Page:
If you are interested in joining in the FIRST fun, you must register as a volunteer through the FIRST system. This information will be sent directly to the RI FIRST Affiliate Partner, Erin Flynn. https://my.usfirst.org/FIRSTPortal/Login/VIMS_login.aspx
Erin Flynn, RI FIRST Affiliate Partner at New England Institute of Technology 800-736-7744 ext. 3462 or by e-mail at email@example.com
Steps to register with the FIRST VIMS Volunteer Program
- Go to the Volunteer Information Matching System (VIMS) – https://my.usfirst.org/FIRSTPortal/Login/VIMS_login.aspx
- Create an account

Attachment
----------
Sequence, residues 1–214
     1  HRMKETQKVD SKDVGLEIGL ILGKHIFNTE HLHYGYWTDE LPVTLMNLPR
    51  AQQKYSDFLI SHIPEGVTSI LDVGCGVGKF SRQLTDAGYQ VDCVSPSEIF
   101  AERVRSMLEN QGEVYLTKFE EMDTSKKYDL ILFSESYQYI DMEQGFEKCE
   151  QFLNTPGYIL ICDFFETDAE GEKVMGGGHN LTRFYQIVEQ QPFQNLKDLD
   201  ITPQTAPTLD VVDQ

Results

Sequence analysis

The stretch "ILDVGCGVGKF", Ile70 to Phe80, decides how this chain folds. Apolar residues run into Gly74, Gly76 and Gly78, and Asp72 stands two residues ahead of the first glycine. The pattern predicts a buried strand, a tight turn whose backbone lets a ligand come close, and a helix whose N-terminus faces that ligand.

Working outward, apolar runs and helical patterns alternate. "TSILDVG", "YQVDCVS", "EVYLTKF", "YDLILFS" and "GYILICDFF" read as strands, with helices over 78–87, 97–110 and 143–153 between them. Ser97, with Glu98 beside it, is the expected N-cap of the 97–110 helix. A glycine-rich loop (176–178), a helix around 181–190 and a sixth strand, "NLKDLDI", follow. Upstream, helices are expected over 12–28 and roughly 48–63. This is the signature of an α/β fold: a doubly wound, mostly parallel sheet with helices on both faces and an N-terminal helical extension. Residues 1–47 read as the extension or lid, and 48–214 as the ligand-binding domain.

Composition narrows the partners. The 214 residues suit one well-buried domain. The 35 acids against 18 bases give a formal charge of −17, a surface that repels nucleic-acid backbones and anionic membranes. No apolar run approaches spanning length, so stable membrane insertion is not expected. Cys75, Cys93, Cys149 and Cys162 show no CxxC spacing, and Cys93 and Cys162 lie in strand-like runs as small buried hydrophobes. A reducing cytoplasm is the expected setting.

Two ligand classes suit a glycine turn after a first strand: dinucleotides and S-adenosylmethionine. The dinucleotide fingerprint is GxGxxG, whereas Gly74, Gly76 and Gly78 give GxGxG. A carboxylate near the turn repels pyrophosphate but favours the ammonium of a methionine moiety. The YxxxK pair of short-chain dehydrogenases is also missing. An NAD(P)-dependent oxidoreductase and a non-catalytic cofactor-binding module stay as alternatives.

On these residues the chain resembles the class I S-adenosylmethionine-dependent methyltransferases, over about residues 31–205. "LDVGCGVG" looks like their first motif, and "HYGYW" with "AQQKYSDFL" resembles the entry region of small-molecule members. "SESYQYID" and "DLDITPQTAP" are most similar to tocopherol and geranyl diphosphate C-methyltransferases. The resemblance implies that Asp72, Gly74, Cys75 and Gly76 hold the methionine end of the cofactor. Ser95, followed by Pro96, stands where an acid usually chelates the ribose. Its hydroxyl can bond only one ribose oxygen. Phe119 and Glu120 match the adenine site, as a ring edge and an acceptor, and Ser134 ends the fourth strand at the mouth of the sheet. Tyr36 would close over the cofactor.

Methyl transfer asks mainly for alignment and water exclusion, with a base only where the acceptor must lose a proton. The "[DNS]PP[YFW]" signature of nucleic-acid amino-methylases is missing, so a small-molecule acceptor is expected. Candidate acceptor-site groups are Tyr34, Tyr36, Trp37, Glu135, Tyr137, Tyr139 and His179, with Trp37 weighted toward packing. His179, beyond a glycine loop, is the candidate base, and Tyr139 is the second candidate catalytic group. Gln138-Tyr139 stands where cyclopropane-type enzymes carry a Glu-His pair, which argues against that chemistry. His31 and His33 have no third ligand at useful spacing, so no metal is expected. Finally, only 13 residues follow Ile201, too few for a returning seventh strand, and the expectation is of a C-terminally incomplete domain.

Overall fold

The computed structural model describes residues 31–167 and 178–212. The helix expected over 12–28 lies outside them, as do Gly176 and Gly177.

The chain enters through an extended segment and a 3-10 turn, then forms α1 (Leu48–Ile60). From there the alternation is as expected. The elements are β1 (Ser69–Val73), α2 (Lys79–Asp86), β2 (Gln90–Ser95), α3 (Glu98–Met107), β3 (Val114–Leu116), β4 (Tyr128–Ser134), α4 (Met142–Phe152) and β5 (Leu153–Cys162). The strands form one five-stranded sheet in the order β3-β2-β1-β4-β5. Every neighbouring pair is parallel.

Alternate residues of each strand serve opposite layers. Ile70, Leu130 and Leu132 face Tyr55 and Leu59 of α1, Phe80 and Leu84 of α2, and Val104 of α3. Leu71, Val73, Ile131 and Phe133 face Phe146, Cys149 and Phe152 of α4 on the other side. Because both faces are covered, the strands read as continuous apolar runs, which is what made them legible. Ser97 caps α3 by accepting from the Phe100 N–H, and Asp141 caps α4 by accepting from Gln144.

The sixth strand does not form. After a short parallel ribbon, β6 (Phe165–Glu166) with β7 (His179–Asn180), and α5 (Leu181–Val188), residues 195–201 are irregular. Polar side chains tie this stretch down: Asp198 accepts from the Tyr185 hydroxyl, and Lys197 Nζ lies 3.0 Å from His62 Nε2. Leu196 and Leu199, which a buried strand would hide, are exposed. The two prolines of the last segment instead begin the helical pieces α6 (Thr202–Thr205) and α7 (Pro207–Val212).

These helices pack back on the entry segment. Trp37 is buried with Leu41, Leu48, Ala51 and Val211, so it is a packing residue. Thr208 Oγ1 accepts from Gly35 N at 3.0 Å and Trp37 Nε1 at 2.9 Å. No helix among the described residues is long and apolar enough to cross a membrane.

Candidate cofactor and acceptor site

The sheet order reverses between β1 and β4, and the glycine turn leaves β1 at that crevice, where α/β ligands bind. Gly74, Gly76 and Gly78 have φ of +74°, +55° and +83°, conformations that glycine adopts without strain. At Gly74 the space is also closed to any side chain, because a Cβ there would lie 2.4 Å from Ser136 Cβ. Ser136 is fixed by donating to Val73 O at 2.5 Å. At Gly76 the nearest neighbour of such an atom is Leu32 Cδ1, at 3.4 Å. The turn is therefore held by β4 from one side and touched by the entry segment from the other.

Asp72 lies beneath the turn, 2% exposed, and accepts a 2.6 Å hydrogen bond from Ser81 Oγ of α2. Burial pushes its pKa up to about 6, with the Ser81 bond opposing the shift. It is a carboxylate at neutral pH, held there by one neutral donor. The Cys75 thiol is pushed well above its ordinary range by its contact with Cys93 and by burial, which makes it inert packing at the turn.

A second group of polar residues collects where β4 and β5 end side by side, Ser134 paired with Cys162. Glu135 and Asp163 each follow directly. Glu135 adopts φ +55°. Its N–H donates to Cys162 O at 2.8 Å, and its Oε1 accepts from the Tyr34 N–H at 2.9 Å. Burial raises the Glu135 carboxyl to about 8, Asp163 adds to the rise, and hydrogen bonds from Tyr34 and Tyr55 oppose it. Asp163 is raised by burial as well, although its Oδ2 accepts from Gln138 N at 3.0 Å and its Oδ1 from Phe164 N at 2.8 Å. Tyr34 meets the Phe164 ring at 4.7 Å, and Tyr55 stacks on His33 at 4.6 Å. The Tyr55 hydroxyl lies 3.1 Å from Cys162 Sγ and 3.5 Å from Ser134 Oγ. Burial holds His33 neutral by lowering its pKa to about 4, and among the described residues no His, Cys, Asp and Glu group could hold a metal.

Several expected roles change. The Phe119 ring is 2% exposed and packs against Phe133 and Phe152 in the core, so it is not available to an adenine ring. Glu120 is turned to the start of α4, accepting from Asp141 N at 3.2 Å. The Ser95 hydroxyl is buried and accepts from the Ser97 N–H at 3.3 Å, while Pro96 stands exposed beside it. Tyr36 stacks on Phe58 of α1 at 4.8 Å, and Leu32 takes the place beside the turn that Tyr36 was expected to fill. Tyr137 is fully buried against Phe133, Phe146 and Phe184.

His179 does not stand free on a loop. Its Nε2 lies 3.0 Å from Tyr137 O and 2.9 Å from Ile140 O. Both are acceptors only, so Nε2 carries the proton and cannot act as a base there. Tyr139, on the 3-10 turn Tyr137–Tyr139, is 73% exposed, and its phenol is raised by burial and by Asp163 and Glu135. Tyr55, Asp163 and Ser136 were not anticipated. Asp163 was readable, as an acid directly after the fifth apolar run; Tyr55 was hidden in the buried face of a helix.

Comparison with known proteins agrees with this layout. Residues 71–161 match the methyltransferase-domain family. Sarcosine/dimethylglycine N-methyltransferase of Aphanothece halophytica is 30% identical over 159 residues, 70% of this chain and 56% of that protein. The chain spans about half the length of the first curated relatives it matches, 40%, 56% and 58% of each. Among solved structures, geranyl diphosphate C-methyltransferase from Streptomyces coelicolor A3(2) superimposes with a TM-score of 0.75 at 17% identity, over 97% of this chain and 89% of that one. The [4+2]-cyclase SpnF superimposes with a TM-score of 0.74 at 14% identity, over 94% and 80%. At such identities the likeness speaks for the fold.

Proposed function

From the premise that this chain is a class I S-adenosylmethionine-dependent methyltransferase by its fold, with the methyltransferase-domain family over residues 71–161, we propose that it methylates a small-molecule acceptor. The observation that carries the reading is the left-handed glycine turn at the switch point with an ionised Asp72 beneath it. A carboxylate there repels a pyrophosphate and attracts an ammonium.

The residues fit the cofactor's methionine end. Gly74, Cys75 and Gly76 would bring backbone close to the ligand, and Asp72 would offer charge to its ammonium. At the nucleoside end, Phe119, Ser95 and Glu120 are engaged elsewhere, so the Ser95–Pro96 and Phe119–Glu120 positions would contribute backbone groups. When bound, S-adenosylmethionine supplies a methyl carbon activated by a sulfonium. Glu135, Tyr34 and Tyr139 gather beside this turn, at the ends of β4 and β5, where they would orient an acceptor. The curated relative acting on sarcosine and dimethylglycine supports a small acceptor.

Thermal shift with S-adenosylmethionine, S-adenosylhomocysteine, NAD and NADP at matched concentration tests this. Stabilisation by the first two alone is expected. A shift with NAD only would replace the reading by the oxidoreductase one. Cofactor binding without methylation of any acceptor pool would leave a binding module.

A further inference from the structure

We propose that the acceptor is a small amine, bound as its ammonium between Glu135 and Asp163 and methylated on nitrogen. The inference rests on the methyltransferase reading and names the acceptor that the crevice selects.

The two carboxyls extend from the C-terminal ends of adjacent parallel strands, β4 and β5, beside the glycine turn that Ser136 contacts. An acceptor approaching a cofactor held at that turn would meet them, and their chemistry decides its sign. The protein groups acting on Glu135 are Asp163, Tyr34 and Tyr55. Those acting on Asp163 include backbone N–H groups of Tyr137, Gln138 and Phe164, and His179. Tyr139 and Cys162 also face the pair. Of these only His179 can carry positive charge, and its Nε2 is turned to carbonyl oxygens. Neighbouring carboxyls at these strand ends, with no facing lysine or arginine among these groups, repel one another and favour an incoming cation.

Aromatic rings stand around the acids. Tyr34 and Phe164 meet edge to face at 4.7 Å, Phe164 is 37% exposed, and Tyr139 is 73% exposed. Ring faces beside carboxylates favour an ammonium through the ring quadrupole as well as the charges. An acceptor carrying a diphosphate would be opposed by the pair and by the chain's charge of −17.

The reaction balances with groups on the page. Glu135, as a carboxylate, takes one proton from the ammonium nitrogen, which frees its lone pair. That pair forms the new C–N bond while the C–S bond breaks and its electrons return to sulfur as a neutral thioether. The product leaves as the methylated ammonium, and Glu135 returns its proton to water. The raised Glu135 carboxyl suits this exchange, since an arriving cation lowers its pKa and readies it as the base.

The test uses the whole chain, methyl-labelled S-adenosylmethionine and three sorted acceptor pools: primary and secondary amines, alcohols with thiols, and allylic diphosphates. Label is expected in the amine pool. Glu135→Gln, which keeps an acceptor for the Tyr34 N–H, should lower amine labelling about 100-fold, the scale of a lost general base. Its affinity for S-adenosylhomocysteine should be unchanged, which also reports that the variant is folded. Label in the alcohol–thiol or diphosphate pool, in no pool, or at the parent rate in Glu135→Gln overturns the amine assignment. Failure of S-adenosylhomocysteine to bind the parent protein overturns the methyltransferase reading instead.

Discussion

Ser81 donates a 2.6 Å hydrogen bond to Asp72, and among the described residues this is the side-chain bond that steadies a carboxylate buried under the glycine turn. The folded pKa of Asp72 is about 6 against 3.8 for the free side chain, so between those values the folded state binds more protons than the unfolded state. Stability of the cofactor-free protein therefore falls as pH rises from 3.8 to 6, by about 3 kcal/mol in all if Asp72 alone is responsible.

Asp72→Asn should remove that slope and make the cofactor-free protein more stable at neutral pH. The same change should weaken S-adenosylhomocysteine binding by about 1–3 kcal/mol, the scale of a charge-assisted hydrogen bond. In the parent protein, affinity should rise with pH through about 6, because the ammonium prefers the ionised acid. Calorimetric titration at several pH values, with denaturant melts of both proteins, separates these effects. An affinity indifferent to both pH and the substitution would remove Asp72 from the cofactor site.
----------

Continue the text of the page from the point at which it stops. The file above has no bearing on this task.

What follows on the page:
- Apply to an event
- From Left Hand Navigation, click “Volunteer Role Applications”
- Click the button that says “Apply for an Event”
- Select “FTC”
- Select State/Province – “Rhode Island”
- Press “Find Event”
- You will find the qualifier dates of 11/14, 12/5, 12/19 and 1/9 as well as the 1/29-30 state tournament date listed.
- Select the event and fill out the application.
- Select roles in preference order you would like to apply to (1 being most preferred)
- Select days you are able to volunteer.
- Remember to add additional comments if you have specific restrictions on your time
- Click “Submit”
- You will be returned to the “Volunteer Role Applications” page.
- Repeat steps 3-5 to apply to multiple events.
Attached are in the instructions that can be found on the website as well. They provide screenshots of each of these steps.
3D Printing continues to prove to be very versatile with many, many uses. But 3D printing body parts is likely the most amazing thing I’ve heard about.